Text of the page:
Storing Data in a Database

Information in a database is stored in a set of predefined tables, each made up of a set of predefined columns. A table can have an unlimited number of rows. Think of rows as a collection of data with a set of individual components, also known as records. Think of columns as all the individual components that make up a collection of data, also known as fields.

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To demonstrate what this means in a project database, each task displayed on a separate row in a table is a different task record. Each of the columns intersecting that task record's row represent the task's fields; for example, the task name, duration, start and finish date, and assigned resources. In the same way, each resource is a different resource record.

To view your project information as an Access database, follow these steps:

In Microsoft Project, open the project whose information you want to use in Access. Click File, Save As.

In the Save As Type box, click Microsoft Access Database (*.mdb). In the File Name box, enter a name for the project database in Access.

By default, the name of the Access file is adopted from the project filename. The filename extension changes from .mpp to .mdb. Click Save.

The Export Wizard appears.

In the first Export Wizard page, click Next.

In the Export Wizard - Data page, be sure that the A Full Project option is selected (see Figure 32-1) and then click Next.

Figure 32-1. The Export Wizard walks you through the process of exporting your project to the Access database format.

8 In the Export Wizard - Project Definition page (see Figure 32-2), click Finish.

Figure 32-2. Click Finish in the third Export Wizard page, and you're ready to open your project data in Access.

Figure 32-2. Click Finish in the third Export Wizard page, and you're ready to open your project data in Access.

9 In Access, click File, Open and browse to the location of the project database you just exported. Select the project file with the .mdb filename extension and then click Open. The project database opens, showing all the tables that were exported from the Microsoft Project database into Access (see Figure 32-3).

Figure 32-3. The Access Database window lists each table in the exported project database.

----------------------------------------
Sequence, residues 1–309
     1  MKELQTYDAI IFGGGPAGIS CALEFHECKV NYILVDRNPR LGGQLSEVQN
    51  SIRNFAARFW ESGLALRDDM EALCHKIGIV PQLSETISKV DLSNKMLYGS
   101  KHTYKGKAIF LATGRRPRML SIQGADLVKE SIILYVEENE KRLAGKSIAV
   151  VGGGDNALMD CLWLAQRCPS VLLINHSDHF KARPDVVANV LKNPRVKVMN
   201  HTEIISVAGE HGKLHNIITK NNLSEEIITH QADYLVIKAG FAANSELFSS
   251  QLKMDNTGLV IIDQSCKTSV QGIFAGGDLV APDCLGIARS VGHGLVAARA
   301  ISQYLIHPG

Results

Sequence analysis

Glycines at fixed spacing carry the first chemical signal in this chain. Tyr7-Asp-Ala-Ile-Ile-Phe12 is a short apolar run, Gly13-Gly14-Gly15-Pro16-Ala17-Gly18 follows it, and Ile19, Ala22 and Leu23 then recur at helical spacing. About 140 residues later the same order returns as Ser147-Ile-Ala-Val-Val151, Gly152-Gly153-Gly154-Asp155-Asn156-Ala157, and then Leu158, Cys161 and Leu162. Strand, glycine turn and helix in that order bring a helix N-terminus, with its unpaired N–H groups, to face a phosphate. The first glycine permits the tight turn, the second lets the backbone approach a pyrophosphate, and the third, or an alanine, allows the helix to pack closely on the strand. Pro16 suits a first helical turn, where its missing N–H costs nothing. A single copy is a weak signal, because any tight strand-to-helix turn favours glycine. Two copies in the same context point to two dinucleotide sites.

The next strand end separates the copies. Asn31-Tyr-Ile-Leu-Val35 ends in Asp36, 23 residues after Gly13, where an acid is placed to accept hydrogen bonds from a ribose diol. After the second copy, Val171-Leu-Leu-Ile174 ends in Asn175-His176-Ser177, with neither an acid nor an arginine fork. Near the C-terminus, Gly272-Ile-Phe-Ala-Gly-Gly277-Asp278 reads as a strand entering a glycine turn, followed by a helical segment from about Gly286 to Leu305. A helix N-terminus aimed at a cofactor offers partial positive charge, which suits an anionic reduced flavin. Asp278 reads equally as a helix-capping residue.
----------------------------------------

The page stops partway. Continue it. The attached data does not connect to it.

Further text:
10 Double-click the MSP_TASKS table (see Figure 32-4).

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Figure 32-4. Every unique task in your project has its own row in the MSP_TASKS table.

11 Scroll through the table to see how the project information appears in the database table. Open other tables in the database to get a better idea of how the project database appears in Access.

Notice that each column has a different name, such as TASK_NAME or TASK_DUR_IS_EST. Each task occupies a different row in the table. Locate the TASK_NAME column to see the names of your project's tasks. Note that this field is not at the far left of the table, as you expect to see it in Microsoft Project (see Figure 32-5).

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Figure 32-5. The TASK_NAME field is probably closer to the right edge of the table.

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For more information about exporting Microsoft Project files to other applications, see "Importing and Exporting Information" on page 497.

Notice also the TASK_UID column, which assigns each task a unique ID number. No other task in the entire database can share this value. Obviously, a project with hundreds of assignments and resources and thousands of tasks will be a very large table in Access. Giving a unique ID number to each row in each table in the database is the simplest way to keep everything organized. The unique ID number is also used to identify relationships in the database; for example, which tasks and resources are part of an assignment. If your database has dozens of projects, the unique ID number is used to identify which tasks and assignments are part of « a specific project.

You can open any of the tables in the Microsoft Project database. You can also change infor- °

mation in your project plan and see it instantly reflected in the Microsoft Project database. To open a project database table and change project information, follow these steps:

1 With your Microsoft Project database opened in Access, open the MSP_PROJECTS table (see Figure 32-6).

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Figure 32-6. The MSP_PROJECTS table is used to store all project-related data.

2 Find the PROJ_PROP_AUTHOR column.

Your name might be there, depending on how Microsoft Project is set up.

3 Go to Microsoft Project and make sure the same file is open.

4 In Microsoft Project, click File, Properties. Enter or modify your name in the Author field and then click OK.

5 Return to Access and review the PROJ_PROP_AUTHOR field.

You'll see that the field has changed to reflect the edit you made in Microsoft Project. If you don't see the change, close and then reopen the MSP_PROJECTS table to refresh it.

It might seem that you could change your name in the field in Access, save it, and then have it appear in Microsoft Project. However, data updates don't work this way in this instance because the project saved as an Access database acts as a read-only data source, not a read/write data source; Access provides read-only access to a Microsoft Project file saved as a database.

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Project Management Made Easy

What you need to know about… Project Management Made Easy! Project management consists of more than just a large building project and can encompass small projects as well. No matter what the size of your project, you need to have some sort of project management. How you manage your project has everything to do with its outcome.

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